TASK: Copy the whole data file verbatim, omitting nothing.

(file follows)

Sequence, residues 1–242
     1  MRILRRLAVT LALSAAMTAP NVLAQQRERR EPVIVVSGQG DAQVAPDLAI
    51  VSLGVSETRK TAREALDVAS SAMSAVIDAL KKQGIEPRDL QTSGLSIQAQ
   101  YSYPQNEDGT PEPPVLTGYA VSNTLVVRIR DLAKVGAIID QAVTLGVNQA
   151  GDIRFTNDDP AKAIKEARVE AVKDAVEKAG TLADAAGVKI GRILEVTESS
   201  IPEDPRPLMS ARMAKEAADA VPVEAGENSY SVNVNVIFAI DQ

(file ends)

Sequence, residues 1–242
     1  MRILRRLAVT LALSAAMTAP NVLAQQRERR EPVIVVSGQG DAQVAPDLAI
    51  VSLGVSETRK TAREALDVAS SAMSAVIDAL KKQGIEPRDL QTSGLSIQAQ
   101  YSYPQNEDGT PEPPVLTGYA VSNTLVVRIR DLAKVGAIID QAVTLGVNQA
   151  GDIRFTNDDP AKAIKEARVE AVKDAVEKAG TLADAAGVKI GRILEVTESS
   201  IPEDPRPLMS ARMAKEAADA VPVEAGENSY SVNVNVIFAI DQ